The Saudi authorities have said they hope broadcasts of the race – showing the country’s beautiful expanses of desert, mountains and coastline – will provide a boost to its tourist industry. The sports minister, Prince Abdulaziz bin Turki al-Faisal, said accusations of sportswashing are wrong because his country was always criticised for “not opening up to the world”. What a crass thing to say. By opening up, we don’t mean gawping at the Saudi desert.  By opening up we mean having a transparent judicial system where a trial which allows the organisers of Khashoggi’s murder to escape punishment can be scrutinised.  By opening up we mean allowing a cross-party group of British members of parliament access to women’s rights activists detained in Saudi Arabia, as well as their guards, following claims they have been tortured and sexually assaulted while in jail.  By opening up we mean allowing an examination of how the Saudi-led coalition have carried out unlawful attacks in Yemen, restricted access to humanitarian aid, carried out arbitrary detention, enforced disappearances and child recruitment. 

It’s sad that not one of those drivers from 62 nations had so much as a pink armband between them when they set off from Jeddah on 5 January on what the Saudi media proudly call ‘Chapter 3’ in the race’s history.  If they don’t find their voices by the time they reach Riyadh on Friday – and I’m not holding my breath – the start of a five year contract to hold the race in Saudi Arabia will actually mark the most shameful stretch of the Dakar Rally’s history. 

For more of my posts on sports washing: https://humanrightsdefenders.blog/tag/sports-washing/

https://alkhaleejtoday.co/saudi-arabia/21704/Dakar-Rally-opens-dark-new-chapter-in-Saudi-sportswashing.html

The Human Rights Cities Network: a good beginning

December 14, 2018

The Human Rights Cities Network promotes the development of human rights in Europe and beyond. This online platform creates an interactive community of human rights cities practitioners. It is a team of like-minded people committed to acknowledge the vital role cities play in protecting, promoting and fulfilling human rights. Guest member cities and associate members are key actors, sharing new ideas and taking current concepts to their own cities.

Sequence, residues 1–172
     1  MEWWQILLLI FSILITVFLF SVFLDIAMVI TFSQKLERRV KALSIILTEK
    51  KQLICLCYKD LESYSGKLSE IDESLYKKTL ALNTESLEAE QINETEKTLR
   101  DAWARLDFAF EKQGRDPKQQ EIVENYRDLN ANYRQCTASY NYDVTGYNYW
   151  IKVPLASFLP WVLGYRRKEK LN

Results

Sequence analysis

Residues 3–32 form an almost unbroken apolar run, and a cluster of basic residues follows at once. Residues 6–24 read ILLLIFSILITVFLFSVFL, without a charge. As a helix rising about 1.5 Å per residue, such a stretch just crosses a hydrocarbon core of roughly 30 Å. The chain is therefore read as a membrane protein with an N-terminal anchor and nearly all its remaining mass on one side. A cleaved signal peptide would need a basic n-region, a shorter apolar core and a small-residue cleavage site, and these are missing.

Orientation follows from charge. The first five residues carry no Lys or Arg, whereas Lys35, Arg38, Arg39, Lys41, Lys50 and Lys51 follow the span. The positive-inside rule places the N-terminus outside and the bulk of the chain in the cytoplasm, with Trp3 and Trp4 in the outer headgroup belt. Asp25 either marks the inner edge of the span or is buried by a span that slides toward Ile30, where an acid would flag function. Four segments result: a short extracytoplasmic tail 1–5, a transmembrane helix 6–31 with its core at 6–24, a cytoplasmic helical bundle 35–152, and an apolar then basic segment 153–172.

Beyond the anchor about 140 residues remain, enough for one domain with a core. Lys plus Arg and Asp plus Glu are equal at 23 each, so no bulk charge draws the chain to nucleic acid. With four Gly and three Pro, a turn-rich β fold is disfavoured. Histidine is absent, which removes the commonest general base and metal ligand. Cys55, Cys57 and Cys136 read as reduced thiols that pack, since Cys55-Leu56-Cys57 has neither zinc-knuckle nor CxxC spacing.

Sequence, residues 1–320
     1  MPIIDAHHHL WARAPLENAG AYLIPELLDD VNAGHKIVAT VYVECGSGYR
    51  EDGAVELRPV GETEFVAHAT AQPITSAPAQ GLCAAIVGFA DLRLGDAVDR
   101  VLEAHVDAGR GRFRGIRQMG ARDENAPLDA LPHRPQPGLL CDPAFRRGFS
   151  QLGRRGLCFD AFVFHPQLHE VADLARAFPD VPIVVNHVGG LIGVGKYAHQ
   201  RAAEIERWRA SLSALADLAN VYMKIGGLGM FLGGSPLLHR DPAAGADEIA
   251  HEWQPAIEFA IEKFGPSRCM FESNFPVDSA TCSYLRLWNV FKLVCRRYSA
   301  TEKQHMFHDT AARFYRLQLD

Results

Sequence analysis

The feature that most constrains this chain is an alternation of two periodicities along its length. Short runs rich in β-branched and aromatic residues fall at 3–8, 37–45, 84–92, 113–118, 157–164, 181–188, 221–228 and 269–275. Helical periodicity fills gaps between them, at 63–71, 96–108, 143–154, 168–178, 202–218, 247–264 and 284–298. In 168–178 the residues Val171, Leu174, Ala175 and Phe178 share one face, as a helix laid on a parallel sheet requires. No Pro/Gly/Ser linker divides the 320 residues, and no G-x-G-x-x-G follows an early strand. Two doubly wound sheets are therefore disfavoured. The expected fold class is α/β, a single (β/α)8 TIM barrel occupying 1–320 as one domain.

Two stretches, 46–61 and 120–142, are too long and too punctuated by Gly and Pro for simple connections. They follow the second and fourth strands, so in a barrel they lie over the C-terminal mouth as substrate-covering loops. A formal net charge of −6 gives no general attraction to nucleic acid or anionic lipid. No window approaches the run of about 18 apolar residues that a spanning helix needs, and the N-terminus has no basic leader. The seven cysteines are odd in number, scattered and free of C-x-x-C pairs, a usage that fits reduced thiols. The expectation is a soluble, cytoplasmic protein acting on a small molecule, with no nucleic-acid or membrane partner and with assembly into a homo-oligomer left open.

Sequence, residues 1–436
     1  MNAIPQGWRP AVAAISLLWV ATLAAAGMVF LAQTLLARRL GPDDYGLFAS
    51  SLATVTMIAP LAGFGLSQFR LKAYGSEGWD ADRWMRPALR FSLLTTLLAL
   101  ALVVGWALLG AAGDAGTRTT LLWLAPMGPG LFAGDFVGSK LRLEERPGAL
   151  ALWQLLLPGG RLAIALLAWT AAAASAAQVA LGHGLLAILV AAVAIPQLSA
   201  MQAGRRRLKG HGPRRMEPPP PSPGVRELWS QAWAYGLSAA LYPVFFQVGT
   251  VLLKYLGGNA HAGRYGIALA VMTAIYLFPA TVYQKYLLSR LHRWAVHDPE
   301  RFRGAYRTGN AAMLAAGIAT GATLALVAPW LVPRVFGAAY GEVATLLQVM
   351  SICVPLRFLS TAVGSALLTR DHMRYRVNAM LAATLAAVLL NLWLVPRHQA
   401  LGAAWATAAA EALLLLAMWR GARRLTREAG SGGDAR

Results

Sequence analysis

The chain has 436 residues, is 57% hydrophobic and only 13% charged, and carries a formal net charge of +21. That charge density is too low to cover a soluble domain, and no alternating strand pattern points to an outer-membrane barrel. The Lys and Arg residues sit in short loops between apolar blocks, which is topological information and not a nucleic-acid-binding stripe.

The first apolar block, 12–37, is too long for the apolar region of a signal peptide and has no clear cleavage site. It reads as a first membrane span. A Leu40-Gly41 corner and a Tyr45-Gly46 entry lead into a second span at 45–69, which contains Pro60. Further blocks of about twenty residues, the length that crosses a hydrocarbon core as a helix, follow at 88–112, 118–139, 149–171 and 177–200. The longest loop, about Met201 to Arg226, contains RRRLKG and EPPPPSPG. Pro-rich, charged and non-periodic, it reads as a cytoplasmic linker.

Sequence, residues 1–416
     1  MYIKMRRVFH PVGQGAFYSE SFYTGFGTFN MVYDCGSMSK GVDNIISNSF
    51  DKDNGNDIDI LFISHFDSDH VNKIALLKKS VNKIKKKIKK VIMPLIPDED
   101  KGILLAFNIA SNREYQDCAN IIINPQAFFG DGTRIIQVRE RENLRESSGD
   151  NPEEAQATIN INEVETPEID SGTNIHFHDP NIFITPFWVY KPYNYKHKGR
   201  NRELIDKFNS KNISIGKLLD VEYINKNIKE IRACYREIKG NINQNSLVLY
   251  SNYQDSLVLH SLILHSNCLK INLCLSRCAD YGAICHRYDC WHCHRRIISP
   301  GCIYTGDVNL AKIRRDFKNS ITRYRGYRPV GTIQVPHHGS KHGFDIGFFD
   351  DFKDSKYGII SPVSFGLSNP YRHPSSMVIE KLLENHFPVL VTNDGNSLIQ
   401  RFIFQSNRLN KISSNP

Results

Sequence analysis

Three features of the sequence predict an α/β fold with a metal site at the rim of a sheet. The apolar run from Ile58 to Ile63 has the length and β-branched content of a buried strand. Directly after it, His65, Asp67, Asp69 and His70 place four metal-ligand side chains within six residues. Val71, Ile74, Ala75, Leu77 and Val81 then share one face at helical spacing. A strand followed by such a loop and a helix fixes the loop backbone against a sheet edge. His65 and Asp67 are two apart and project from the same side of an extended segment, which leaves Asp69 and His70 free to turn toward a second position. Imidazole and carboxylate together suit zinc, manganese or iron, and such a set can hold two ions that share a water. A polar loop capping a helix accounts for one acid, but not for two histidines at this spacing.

Its mission is to create an information hub and support people to connect and scale up the successful expansion of human rights cities.

Its vision is to help make human rights a reality for every citizen, in every city; and in doing so to foster participatory democracy and social justice.

About the network

The Human Rights Cities Network is an info hub, where you will find information on what constitutes a human rights city and how existing cities can be developed further. The primary objective is to develop a network of like-minded people who can expand their knowledge and share their experiences, to significantly grow the number of Human Rights Cities around Europe. The Human Rights Cities Network acknowledges the vital role cities play in protecting, promoting and fulfilling human rights.

The network helps implement the full spectrum of human rights for people living in urban settings, by supporting cities and political decision-makers. It also connects them with Human Rights Cities practitioners, who can contribute to the development of concepts, guiding practices and operational strategies, to enhance human rights. Professionalism, inclusive governance and a clear human rights perspective are essential principles. Ultimately, the network promotes a model where human rights are used to redefine the city as a more livable space.

Currently are listed as members:

Barcelona

Graz

Lund

Middelburg
Utrecht
Vienna
York
Not yet listed: Bergen and Nürnberg

https://humanrightscities.net

see also: https://rwi.lu.se/publications/human-rights-cities-and-the-sdgs/